Yet Augustine is not totally carried away by his reading of the books. Just as Aristotle’s Categories took him so far, to the level of the creaturely, and no further, so the books of the platonists also took him so far, to the Father and his only-begotten Son, and no further.

For he is clear that there is no equivalent translation of the Incarnation of the Son or of his offering upon the Cross into platonic conceptuality. Nevertheless, the books most certainly given him a grammar of God, or the beginnings of one, of an immutable God who Is ‘before all times and above all times’, a true Creator. ‘I was sure that you truly are, and are always the same; that you never become other or different in any part of by any movement or position, whereas all other things derive from you, as if provided by the fact that they exist’. Parts, movement, position – these are Aristotelian categories. And the immutability of the Word of God means that he is not merely ‘a man of excellent wisdom’, nor that he is incarnate in a mere body, but that since change is ascribed to the incarnate Son he must have a human nature, body and soul.

Saturday, October 01, 2011

'God Without Parts'




James E Dolezal


Dr James Dolezal’s treatment of divine simplicity, which provides a defence of this doctrine in perhaps its strongest form, is a first–rate piece of work. He shows himself to have a grasp not only of the primary and secondary intellectual sources, but also of the arguments of contemporary critics as well as of defenders of the doctrine, especially those in analytic-style philosophical theology, ‘analytic theology’ as it is coming to be called. He does not simply dust off the cobwebs of old ideas, and rehearse antiquated positions. Not content with mere exposition, able as this is, the author likes to argue, presenting robust defences of divine simplicity against some of its eminent detractors and modifiers – for example, Alvin Plantinga, Thomas Morris, and Eleonore Stump. He takes these on, utilizing some current arguments, of Brian Leftow, William Mann and others, but also offering arguments of his own. The result is the best at-length philosophical treatment of divine simplicity that I know.

God’s simplicity is a central element in the ‘grammar’ of classical Christian theism. The data regarding the essence and nature of God, as revealed in Scripture, have by and large an occasional and unsystematic character to them. But because Scripture, as God’s word, is self-consistent, the varied data must be self-consistent, and when properly appreciated, must also be seen to be. Or at the very least, it may be recognized that alleged inconsistency cannot be proven. The classical conceptual shape of Christian theism offers a template in terms of which that consistency may be appreciated. For it provides rules, drawn from the varied data of Scripture, in terms of which the varied language of Scripture about God, not only in his unity but also in his Trinitarian glory and in his actions in the economy of redemption, can be learned and used without falling into inconsistency or serious error. It is not so much an explanatory as a grammatical template.

So in thinking about divine simplicity as an account of divine unity we are not to think of it primarily as a description of that unity, much less as an explanation of it, but as offering rules for appreciating and employing the character of divine unity. This is a central part of the fuller grammar of Christian trinitarianism. It aims to bring together a way of thinking and speaking about divine unity, that God is one, and that the Lord our God is one Lord, that does justice to the manifold witness of Scripture to that unity, and to ways of handling its apparent references to divine complexity and disunity, in a way that considering each isolated datum in turn could never do. Fundamental to that grammar is a conviction about God, made evident throughout the Scriptures, that he is the creator of space and time and all that it contains, existing at a point beyond space and time and not therefore subject to it. God is not spread out in space, or in time, a creature among fellow-creatures. How then are we to think and speak of him?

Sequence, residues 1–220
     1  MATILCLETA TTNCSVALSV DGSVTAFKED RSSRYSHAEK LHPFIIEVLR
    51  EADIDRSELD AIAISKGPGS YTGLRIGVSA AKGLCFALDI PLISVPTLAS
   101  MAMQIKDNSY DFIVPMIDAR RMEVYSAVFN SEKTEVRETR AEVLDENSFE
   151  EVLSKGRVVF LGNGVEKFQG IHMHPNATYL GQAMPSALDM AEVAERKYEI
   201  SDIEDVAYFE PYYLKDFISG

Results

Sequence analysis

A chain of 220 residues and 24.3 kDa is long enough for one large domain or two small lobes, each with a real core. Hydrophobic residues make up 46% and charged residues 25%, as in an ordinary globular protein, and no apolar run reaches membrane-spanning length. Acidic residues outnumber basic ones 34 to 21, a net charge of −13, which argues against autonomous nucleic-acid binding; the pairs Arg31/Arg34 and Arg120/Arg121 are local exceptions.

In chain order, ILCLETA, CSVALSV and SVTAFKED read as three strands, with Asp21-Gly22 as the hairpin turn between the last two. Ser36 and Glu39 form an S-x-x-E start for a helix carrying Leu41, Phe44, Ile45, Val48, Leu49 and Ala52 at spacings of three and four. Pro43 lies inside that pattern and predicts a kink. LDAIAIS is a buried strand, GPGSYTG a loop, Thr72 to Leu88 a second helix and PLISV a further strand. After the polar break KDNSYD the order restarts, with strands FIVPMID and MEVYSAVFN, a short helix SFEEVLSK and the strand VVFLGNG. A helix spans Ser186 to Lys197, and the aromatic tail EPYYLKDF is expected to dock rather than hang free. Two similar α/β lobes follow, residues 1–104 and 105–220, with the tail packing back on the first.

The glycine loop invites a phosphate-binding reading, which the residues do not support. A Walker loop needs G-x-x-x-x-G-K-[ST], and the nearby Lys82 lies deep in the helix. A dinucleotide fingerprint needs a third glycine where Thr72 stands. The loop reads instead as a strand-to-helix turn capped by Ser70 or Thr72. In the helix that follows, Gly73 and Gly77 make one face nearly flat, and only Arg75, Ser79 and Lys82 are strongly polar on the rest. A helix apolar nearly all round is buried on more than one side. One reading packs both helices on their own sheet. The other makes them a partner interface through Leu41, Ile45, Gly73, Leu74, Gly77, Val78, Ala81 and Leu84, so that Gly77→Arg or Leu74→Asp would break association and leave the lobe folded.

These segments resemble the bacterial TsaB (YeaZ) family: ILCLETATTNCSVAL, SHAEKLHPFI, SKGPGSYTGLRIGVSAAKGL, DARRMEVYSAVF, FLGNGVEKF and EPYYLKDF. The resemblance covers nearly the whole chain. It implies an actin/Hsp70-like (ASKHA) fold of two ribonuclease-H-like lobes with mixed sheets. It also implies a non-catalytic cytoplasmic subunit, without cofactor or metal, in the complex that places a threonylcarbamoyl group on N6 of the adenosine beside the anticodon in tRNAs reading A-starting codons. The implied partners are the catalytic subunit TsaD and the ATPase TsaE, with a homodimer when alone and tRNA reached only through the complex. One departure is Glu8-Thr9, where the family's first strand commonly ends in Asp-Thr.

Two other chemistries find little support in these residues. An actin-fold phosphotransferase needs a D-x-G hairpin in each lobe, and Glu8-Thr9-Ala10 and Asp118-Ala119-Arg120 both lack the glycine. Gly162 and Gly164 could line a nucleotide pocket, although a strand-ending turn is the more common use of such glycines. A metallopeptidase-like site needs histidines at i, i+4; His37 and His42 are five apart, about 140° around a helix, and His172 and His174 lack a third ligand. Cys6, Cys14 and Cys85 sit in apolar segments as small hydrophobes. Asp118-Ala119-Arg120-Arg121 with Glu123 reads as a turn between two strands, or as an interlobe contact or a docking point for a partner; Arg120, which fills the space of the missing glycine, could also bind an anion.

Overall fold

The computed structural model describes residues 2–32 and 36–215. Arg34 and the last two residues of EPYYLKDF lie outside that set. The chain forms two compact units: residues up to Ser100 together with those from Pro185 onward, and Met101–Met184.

Part of the answer to that question is that we are to think of God partly in negative terms, as we have just been doing: not in space, not in time. An account of divine unity must be consistent with such timelessness and spacelessness. But there is more. For in being the Creator, and not a creature, or creaturely, God does not depend for his existence on operations or forces working upon him. He is not fashioned, or the product of parts forming themselves into a unity in an arbitrary fashion. He is necessary, self-existing. This means, for example, that God is not composed of elements that are more ultimate, in a logical or metaphysical sense, than he himself is.

It is by attention to such considerations that the doctrine of simplicity has been developed, in order to safeguard that divine sovereignty and transcendence to which Scripture richly testifies. Divine simplicity is not the doctrine that God has no features, an infinite tabula rasa. Nevertheless he has no parts and so is not divisible.

But what of the Trinity? Christian theologians have routinely stated that the threefoldness of the Trinity, that God is Father, Son and Holy Spirit, each person being wholly divine, refers to distinctions in the godhead, not to divisions in it. All divisions involve distinctions, but not vice versa. This distinction between distinctions and divisions has been in service in Trinitarian thinking a long time; it can be found, for example, in Tertullian.

To suppose that the distinction between the Father and the Son (for example) is a division between them is to suppose that the terms ‘Father’ and ‘Son’ denote different parts in God each of which is separable from the other. A triune Godhead that consists of a divisible threeness would thus be made up of three parts – Father, Son and Spirit – who together comprise it. The obvious problem with such a proposal is that it violates the biblical affirmation that God is one, which the doctrine of divine simplicity articulates. Another consequence of supposing a division between the persons is that Father, Son and Spirit is that each would each be part of God, and so not the whole God, and so not wholly divine.